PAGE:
Prevalence of Parasitic Infestation in Freshwater Crab, Sudanonautes africanus (A. Milne-Edwards, 1869) (Brachyura: Potamonautidae) from selected Rivers in Edo and Delta States of Nigeria
Freshwater crabs support fishery resources and serve as intermediate host to the major groups of animal parasites, hence, this study investigates the prevalence and intensity of parasitic infestation in freshwater crab Sudanonautes africanus, and its relationship to carapace width (CW) by collecting 350 specimens between March, 2007 and January, 2010 from selected rivers in Edo and Delta States. The results showed that a total of 174 (49.71%) individuals were infected with immature stages of nematode and digenean parasites in the 4 study sites. The prevalence of 86.54% was recorded in Iyi-Ekwu River, 65.74% in Oke River and 30.36% in Ikpoba River. However, the least prevalence of 18.18% was recorded in Orogodo River. Data analysis by Kruskal-Wallis, one-way ANOVA reveals there was no statistically significant difference (p>0.05) in prevalence among the four sampling sites. A total of 166 (47.43%) individuals from the four study sites were infected with larval nematodes, while 8 (2.29%) were infected with juvenile trematodes from both Oke and Orogodo Rivers. Result obtained from unpaired t-test indicates that crabs measuring 4 to 6 cm CW had a significantly higher prevalence (p<0.05) of parasitic infections. Furthermore, the intensity of nematode larvae isolated from each crab ranges from 1-25 (mean 5), 1-3 (mean 2), 1-4 (mean 2.3) and 1-6 (mean 2.8) nematodes per crab in Rivers Oke, Ikpoba, Iyi-Ukwu and Orogodo, respectively. The length of nematode larvae ranged from 0.7mm – 6mm long with a mean length of 2.4mm. Studies are on-going to experimentally obtain adults of the nematode larvae and juvenile trematodes for species identification.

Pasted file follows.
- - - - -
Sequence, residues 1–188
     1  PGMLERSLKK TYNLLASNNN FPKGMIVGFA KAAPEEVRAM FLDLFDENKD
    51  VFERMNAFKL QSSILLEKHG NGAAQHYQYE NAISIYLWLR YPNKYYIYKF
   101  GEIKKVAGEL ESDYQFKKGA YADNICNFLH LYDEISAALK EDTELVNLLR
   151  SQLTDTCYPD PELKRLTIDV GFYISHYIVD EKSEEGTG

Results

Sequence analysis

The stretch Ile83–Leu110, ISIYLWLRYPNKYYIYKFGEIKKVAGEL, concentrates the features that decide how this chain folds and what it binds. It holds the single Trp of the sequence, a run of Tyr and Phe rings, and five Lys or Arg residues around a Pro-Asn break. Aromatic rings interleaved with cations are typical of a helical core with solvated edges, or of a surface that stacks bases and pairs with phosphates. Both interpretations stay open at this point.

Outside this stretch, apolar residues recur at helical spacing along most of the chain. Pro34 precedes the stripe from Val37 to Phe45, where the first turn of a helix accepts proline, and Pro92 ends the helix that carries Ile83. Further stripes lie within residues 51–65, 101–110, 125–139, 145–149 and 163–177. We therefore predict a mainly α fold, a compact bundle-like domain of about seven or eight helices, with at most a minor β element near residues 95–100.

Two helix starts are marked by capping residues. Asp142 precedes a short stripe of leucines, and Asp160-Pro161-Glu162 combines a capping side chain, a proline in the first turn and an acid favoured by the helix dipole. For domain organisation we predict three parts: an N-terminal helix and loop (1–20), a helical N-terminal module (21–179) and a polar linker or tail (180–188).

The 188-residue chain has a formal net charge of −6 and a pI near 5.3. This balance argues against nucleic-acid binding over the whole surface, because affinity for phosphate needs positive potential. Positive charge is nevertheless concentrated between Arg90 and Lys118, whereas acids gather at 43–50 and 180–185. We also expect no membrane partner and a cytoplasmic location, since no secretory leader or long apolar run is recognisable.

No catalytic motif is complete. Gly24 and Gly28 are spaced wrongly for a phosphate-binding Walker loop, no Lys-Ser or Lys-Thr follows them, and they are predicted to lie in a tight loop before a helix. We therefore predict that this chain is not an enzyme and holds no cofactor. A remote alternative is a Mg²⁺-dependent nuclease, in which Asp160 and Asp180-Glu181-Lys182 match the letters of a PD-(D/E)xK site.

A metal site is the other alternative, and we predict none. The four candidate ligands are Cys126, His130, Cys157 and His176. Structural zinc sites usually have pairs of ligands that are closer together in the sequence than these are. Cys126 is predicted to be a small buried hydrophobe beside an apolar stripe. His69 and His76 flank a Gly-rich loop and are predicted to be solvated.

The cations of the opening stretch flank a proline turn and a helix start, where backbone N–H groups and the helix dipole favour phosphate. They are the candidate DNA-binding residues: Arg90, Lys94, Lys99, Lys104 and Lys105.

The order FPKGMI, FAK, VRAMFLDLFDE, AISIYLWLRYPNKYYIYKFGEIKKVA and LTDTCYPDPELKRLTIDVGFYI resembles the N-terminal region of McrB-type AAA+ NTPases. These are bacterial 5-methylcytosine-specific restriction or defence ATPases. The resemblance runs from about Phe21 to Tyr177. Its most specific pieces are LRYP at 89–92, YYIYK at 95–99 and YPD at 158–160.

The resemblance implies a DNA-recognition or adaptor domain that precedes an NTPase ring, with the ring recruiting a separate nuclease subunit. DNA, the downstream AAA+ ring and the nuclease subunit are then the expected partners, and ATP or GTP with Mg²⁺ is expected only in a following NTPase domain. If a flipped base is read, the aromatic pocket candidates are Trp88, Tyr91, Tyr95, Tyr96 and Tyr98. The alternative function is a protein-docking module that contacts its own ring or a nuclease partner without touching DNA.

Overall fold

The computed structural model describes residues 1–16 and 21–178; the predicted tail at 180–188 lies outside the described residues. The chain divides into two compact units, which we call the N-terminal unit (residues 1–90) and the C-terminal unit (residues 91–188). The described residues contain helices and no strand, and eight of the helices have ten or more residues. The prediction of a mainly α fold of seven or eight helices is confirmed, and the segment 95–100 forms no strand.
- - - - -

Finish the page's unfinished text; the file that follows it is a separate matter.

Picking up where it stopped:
Keywords: Carapace width, Freshwater crab, Intensity, Nematode, Prevalence, Trematode